Archive for Conlanging

Language extinction and language creation

I just thought of a (not so) funny phenomenon that amounts to a linguistic paradox.  Namely, as languages die out, one after another, so do they arise at a steady rate. This has been a verity throughout human history.  So inexorable are these trajectories that a clever mathematician might be able to work out an equation to account for them.

The cycle of language saṃsāra संसार is ceaseless.

We know well enough how languages disappear — usually forever (see "Archive for Language extinction"; see also here).  We have also witnessed the birth of languages, which happens for a variety of reasons (social, political, linguistic, etc.).  Increasingly, however, artificial languages are being invented in astonishing numbers.

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Hanziyu: The (cursed) Conlang of Characters

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Study the linguistics of Game of Thrones

At the instant of posting this, there are only 18 places remaining out of the 40 maximum in Linguistics 183 001, David Peterson's summer session course at UC Berkeley on "The Linguistics of Game of Thrones and the Art of Language Invention." 3 to 5 p.m., Mon/Tue/Wed/Thu, May 22 to June 30.

It's not a 'Structure of Dothraki' course; it's about how you go about inventing languages (Peterson has done this for film and TV several times, and has been paid money for it).

Hurry to sign up. And don't ever let me hear you saying that linguistics doesn't provide fun things to do.

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"Language is messy," says our new linguistic hero

In the new trailer for the science-fiction movie "Arrival," Amy Adams stars as Dr. Louise Banks, some sort of mastermind in xenolinguistics. "You're at the top of everyone's list when it comes to translations," says Colonel Weber (Forrest Whitaker), before whisking her off to meet the newly arrived aliens she's tasked with interpreting. She seems to get on with them just fine, while acknowledging that "language is messy."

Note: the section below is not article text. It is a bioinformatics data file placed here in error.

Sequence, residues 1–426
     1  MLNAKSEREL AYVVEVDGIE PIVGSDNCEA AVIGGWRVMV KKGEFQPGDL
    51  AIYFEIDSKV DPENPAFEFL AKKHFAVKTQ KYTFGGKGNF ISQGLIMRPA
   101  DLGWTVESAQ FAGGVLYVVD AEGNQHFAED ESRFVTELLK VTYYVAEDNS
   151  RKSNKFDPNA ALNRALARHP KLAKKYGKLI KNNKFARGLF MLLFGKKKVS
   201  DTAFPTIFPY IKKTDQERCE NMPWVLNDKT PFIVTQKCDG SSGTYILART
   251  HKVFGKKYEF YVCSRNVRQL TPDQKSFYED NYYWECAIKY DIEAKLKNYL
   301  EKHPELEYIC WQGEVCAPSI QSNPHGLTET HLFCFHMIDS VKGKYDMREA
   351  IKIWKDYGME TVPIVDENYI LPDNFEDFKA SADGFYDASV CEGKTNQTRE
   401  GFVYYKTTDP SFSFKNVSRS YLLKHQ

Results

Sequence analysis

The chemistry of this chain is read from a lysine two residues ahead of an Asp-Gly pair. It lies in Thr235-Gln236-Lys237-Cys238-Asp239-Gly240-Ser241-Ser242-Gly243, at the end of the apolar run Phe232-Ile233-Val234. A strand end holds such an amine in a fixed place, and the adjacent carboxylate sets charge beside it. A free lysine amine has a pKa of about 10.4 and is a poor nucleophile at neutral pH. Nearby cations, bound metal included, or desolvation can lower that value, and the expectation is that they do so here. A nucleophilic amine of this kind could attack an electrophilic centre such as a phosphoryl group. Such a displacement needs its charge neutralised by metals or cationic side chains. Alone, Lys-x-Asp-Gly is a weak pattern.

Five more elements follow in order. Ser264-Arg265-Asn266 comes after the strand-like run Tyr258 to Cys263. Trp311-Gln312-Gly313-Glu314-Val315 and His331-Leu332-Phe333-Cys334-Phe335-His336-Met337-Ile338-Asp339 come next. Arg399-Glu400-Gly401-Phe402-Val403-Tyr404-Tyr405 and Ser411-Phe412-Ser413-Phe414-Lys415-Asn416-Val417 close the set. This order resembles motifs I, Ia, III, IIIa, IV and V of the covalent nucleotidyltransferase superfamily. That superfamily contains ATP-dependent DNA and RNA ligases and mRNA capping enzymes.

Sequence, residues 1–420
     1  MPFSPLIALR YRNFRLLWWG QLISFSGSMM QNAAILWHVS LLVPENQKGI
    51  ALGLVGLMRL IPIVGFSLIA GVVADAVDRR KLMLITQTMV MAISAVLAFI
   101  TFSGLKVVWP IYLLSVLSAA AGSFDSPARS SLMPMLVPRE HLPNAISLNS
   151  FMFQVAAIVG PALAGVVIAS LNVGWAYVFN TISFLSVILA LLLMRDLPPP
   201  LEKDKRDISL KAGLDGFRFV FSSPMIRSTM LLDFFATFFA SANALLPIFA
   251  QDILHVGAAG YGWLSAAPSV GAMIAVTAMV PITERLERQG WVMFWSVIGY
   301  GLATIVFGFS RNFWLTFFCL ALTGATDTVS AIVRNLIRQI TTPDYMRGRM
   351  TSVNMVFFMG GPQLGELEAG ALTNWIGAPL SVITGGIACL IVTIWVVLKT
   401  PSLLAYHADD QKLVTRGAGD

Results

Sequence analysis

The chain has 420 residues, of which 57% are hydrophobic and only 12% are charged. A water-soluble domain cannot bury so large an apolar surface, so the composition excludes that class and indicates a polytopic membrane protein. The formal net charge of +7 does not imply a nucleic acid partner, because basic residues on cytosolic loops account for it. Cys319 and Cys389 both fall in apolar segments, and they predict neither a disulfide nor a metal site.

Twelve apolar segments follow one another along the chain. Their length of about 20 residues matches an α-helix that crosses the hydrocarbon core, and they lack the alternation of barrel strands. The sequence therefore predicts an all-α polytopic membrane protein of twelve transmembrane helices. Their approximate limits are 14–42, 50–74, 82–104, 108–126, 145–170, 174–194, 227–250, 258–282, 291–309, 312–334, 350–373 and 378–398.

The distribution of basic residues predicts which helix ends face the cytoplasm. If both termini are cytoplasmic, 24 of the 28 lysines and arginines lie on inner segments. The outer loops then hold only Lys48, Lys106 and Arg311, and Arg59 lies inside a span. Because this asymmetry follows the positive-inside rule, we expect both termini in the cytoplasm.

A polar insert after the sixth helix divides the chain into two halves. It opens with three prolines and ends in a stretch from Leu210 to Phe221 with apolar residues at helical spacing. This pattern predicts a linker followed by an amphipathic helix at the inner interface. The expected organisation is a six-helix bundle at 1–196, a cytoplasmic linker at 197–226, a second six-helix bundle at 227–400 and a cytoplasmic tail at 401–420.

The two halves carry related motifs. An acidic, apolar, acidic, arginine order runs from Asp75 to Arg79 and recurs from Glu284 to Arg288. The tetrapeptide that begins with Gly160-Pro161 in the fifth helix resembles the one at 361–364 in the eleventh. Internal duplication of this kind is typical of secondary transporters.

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The Finn-donesian of "The Force Awakens"

Tasu LeechFor my language column in the Wall Street Journal this week, I describe how some alien-speak in "Star Wars: The Force Awakens" ended up being created by a young Finnish YouTube sensation, tailor-made for Indonesian actors. We could call it "Finn-donesian," though the character Finn doesn't actually speak it. Rather, the dialogue was designed for the Kanjiklub gang, who briefly face off against Han Solo and Chewbacca on a space freighter packed with slithery Rathtars.

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Linguistics Goes to Hollywood

On April 19, the Linguistics Department at UC San Diego (aka the Extreme Southwest Wing of Language Log Plaza) hosted a special event as part of our celebration of the 50th Anniversary of the founding of the Department.

The event was entitled Linguistics Goes to Hollywood: Creators of the Klingon, Na'vi and Dothraki Languages, a panel discussion featuring Marc Okrand (creator of Klingon, Star Trek), Paul Frommer (creator of Na'vi, Avatar), and David J. Peterson (creator of Dothraki, Game of Thrones).

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One conlang to rule them all

In Non Sequitur for 10/26/2011, Danae reveals to Lucy her latest plan for world domination peace:

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